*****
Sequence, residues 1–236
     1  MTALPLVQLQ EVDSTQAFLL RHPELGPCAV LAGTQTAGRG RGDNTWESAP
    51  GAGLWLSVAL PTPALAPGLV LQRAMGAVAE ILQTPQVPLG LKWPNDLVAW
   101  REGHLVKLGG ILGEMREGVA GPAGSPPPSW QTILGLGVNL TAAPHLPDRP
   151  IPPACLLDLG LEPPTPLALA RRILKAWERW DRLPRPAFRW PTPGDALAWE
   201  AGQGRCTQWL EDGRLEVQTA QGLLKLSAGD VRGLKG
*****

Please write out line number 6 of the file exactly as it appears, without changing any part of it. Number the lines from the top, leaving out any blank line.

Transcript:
   201  AGQGRCTQWL EDGRLEVQTA QGLLKLSAGD VRGLKG